Regional One Health’s East Campus Center for Rehabilitative Medicine is now offering Complete Decongestive Therapy for patients with lymphedema, a swelling of the limbs that can occur when the lymphatic system is disrupted.
Patients who have breast cancer surgery, radiation near their lymph nodes, and other conditions that impact the lymph nodes can be at risk of lymphedema.
However, with early, consistent care including Complete Decongestive Therapy, they can typically lead a normal, healthy life.
If your lymphatic system is disrupted due to illness, surgery or trauma, fluid can build up in the tissue under your skin and cause swelling of the arms or legs known as lymphedema.
Lymphedema is associated with conditions where the lymph nodes are removed or damaged, such as breast cancer and other cancers, plastic surgery, and traumatic injuries.
Regional One Health’s Center for Rehabilitative Medicine at the East Campus is now offering Complete Decongestive Therapy, which treats lymphedema using manual drainage techniques, compression and exercise. Dardhielle Jean, OTR/L, CHT encourages patients who are at risk for lymphedema to educate themselves about the condition so they can access care early on.
“Even though lymphedema is a chronic condition, it can be managed so patients aren’t suffering from the swelling and aching,” she said. “With consistent therapy and proper management, a patient’s life doesn’t need to be significantly altered.”
What is lymphedema?
The lymphatic system helps regulate body fluids, so when it is disrupted, there is a risk of fluid retention and swelling.
“In stage 1 lymphedema, fluid accumulates superficially, causing swelling in the limbs that can lead to decreased range of motion, hardening of the skin, and a feeling of fullness,” Jean said. “Depending on how long the fluid has been sitting, there can also be aching and pain.”
If lymphedema progresses to stage 2, patients can suffer wounds, fungal infections, and a loss of sensation. Stage 3, which is rare, is known as elephantiasis and can cause severe disfiguration.
Lymph nodes do not regenerate, so lymphedema is considered a chronic condition. It is different from edema, which is a temporary accumulation of fluid after surgery or injury.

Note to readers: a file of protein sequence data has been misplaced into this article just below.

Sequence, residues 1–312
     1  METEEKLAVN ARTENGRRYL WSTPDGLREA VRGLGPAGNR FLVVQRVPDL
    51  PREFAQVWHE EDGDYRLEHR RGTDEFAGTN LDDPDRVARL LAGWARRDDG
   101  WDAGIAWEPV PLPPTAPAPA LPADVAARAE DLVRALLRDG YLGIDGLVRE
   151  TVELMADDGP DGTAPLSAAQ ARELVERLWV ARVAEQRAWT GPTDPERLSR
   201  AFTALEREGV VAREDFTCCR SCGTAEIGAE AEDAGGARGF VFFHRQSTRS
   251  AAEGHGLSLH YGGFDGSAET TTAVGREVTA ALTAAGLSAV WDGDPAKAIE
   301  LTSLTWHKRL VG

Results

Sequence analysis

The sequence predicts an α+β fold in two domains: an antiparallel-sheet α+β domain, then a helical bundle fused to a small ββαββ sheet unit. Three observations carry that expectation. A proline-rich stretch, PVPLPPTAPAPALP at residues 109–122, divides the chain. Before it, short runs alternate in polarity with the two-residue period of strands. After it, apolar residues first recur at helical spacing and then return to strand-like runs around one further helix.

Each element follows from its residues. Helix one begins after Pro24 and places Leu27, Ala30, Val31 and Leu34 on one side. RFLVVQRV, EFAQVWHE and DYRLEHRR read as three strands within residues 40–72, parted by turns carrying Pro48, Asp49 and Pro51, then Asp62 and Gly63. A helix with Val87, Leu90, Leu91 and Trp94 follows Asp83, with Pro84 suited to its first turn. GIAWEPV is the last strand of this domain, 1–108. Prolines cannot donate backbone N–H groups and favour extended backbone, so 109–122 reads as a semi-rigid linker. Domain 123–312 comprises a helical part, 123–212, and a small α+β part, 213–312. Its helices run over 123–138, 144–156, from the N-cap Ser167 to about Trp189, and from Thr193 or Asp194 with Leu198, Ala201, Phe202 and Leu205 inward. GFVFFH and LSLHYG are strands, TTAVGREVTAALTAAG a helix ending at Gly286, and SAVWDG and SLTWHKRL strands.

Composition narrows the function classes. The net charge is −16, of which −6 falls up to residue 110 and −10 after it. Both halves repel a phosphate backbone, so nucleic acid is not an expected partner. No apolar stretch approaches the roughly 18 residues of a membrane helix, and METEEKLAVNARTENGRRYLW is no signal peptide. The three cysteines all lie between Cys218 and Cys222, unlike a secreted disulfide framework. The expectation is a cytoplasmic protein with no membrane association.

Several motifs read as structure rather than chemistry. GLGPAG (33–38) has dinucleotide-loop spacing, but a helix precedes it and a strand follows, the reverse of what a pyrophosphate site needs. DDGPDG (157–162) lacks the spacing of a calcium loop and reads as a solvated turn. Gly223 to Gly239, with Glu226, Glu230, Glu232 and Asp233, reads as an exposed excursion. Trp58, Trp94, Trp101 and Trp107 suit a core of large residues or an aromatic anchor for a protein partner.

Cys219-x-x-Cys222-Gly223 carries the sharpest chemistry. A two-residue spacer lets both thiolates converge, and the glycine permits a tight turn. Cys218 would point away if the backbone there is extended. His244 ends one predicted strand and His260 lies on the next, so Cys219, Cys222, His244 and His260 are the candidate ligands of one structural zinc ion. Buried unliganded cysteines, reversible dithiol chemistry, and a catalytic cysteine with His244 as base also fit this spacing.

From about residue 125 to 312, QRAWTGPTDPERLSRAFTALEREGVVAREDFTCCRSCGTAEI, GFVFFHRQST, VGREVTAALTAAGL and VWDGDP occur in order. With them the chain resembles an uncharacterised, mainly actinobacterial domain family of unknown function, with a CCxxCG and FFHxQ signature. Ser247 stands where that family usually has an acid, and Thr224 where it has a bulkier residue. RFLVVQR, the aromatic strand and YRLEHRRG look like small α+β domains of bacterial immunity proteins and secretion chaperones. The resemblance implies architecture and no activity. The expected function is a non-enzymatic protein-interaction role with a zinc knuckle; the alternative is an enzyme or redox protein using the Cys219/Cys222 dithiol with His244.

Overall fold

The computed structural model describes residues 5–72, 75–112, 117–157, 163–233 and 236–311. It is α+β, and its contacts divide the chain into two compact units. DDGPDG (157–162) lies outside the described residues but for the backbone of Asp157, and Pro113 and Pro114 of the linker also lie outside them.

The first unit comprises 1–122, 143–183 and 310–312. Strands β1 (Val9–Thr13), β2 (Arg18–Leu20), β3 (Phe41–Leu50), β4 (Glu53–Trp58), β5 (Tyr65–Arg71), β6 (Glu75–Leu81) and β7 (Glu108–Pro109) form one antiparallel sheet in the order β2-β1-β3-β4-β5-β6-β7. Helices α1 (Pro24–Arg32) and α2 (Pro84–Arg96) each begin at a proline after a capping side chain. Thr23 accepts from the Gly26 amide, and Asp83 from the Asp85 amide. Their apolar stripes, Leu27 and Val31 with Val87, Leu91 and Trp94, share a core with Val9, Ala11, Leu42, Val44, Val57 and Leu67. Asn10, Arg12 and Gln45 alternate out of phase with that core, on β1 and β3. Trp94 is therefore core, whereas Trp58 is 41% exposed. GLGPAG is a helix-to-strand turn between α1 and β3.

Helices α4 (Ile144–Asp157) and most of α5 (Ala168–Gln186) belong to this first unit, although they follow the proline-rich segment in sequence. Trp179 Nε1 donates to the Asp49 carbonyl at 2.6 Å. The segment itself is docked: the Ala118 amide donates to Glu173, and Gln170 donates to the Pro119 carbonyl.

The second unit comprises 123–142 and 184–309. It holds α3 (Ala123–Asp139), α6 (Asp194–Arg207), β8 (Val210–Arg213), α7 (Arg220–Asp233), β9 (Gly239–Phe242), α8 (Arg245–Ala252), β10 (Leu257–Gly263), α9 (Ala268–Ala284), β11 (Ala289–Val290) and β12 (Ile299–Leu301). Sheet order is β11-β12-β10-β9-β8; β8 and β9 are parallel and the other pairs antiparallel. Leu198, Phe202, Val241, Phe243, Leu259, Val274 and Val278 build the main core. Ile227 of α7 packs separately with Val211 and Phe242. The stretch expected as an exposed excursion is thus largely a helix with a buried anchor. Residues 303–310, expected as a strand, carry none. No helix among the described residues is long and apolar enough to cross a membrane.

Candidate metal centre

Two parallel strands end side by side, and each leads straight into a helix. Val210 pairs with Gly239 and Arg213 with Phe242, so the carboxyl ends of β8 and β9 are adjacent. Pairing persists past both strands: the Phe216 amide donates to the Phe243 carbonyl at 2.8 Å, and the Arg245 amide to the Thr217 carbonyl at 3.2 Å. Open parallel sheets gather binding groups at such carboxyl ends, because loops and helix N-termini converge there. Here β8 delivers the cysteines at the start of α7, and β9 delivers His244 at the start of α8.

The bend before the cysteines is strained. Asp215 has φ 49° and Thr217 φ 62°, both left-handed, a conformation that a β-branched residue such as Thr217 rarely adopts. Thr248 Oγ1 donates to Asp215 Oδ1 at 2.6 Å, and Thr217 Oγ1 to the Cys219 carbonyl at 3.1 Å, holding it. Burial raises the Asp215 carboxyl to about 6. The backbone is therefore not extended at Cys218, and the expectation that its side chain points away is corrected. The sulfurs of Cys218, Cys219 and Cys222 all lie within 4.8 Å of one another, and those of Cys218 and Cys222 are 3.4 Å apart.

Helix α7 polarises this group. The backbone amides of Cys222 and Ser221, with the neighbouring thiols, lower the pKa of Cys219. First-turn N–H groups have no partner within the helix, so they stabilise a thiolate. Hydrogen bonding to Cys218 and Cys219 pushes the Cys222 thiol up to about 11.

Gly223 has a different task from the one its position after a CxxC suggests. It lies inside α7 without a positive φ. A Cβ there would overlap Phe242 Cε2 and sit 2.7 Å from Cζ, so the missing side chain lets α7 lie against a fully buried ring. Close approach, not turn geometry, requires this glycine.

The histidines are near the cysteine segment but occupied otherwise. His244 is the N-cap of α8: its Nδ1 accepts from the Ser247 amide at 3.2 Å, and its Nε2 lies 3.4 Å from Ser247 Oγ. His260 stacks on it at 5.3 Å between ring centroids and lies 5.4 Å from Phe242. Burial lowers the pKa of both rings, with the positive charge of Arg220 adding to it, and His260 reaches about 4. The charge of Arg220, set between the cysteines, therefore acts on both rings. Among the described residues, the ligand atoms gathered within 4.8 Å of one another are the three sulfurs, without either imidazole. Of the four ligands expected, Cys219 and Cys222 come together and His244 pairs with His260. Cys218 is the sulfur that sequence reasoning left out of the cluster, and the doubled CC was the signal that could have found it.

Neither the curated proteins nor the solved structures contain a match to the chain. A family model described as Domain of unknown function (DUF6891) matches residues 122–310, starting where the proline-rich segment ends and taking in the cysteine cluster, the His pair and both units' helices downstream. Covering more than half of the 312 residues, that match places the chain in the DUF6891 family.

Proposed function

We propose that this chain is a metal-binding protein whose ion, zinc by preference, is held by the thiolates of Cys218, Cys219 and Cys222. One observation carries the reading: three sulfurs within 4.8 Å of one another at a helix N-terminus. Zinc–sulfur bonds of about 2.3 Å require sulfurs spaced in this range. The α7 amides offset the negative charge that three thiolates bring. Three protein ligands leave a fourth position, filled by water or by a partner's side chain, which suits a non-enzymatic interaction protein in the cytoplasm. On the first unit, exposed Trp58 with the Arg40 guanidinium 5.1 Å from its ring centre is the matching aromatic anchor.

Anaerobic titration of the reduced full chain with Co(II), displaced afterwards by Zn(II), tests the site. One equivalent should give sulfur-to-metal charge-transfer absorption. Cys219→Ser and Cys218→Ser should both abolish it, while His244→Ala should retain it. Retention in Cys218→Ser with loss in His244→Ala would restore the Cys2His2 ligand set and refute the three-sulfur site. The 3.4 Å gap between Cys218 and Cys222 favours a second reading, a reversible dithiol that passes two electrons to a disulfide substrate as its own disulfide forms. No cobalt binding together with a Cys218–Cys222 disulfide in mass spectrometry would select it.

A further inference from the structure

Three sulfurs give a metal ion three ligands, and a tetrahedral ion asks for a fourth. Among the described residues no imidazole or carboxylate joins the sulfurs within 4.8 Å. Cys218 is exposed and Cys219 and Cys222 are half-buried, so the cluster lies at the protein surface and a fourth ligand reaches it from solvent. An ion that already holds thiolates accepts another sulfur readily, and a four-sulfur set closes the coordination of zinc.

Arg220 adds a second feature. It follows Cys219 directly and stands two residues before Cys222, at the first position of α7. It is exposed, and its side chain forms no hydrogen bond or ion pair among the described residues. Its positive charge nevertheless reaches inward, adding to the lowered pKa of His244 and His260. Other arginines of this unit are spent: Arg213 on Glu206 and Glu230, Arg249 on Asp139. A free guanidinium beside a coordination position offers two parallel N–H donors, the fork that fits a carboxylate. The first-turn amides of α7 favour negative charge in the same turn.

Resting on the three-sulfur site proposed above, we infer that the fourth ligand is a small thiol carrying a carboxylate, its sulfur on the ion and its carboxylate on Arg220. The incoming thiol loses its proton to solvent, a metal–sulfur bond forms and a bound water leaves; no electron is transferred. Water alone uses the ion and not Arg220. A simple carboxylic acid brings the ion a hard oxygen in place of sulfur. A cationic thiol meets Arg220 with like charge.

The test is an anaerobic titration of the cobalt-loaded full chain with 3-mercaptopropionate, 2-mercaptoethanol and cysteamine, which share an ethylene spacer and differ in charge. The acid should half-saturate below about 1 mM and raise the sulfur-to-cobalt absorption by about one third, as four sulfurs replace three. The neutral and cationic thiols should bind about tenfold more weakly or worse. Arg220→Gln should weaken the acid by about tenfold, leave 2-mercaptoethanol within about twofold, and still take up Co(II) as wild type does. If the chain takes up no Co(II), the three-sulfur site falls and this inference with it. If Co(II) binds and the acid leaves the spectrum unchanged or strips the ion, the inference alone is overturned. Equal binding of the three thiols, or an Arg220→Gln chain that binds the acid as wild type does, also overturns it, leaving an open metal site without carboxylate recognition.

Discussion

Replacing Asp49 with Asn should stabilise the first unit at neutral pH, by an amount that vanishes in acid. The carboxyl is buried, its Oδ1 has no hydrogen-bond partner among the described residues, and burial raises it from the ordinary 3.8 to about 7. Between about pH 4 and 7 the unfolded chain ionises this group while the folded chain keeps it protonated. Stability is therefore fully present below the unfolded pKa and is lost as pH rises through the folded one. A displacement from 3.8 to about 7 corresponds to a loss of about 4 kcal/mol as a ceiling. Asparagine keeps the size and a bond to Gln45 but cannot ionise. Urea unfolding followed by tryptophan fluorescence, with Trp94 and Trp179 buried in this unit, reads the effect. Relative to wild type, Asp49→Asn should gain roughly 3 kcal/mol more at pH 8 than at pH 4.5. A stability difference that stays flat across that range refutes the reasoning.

Who is at risk?
In rare cases, patients have primary lymphedema, where they are born without lymph nodes, or their lymph nodes don’t function properly.
More common is secondary lymphedema, which occurs when the lymph nodes are damaged by illness or injury. Common causes include cancer, surgery, accidents, infections, obesity, cardiac or vascular impairments, and kidney disease.
“Breast cancer is one of the conditions most often associated with lymphedema,” Jean said. “If a patient has surgery to remove the lymph nodes around the breast, it disrupts their lymphatic system, and they can have accumulation of fluid on the side where the surgery was performed.”
Radiation for cancer near the lymph nodes can also cause damage. Along with the armpit, lymph nodes are located in the neck, chest, abdomen, and groin.
Why is early intervention so important?
Jean said early intervention can reverse lymphedema to stage 0, or latency, in which swelling is not evident and the limb returns to its previous size.
“Ideally, patients who are at risk for lymphedema should begin therapy before significant swelling occurs,” Jean said. “We don’t want it to get to a point where swelling keeps them from moving, which can make the symptoms and condition worse.”
How does Complete Decongestive Therapy help?
Complete Decongestive Therapy includes several components.
Each session starts with manual lymphatic drainage (MLD), where the patient lies on a treatment table as the therapist manually guides lymphatic fluid away from the affected limbs. This reduces swelling and allows fluid to go back to the heart so it can be redistributed.
MLD is a gentle technique best described as “brushing,” rather than massaging, the skin. “Most patients find it very relaxing and relieving, and not painful,” Jean said.
Next, therapists use bandages to wrap the limbs to create compression. This helps the lymphatic system bring fluid back to the heart and away from the swollen limbs.
Therapists also teach patients therapeutic exercises including gentle stretching and range-of-motion moves that help keep the muscles and joints healthy. “We encourage patients to walk, use their arms, and do specific exercises to maintain the size of the limb,” Jean said.
Compression garments and an anti-inflammatory diet rich in fruits and vegetables can also help.
Patients are advised to keep their skin clean and free of water, check their skin for wounds, and use sunscreen, bug spray and low-PH moisturizer to protect the integrity of the skin.
How can I access therapy?
Ask your health care provider for a referral for Complete Decongestive Therapy.
Jean starts with three to five sessions each week and transitions patients to two to three days a week when they have significant reduction in swelling and limb size.
“Starting therapy early and being consistent are important to successfully treating lymphedema,” she said. “When lymphedema is well managed, patients can lead a very normal, fulfilling life.”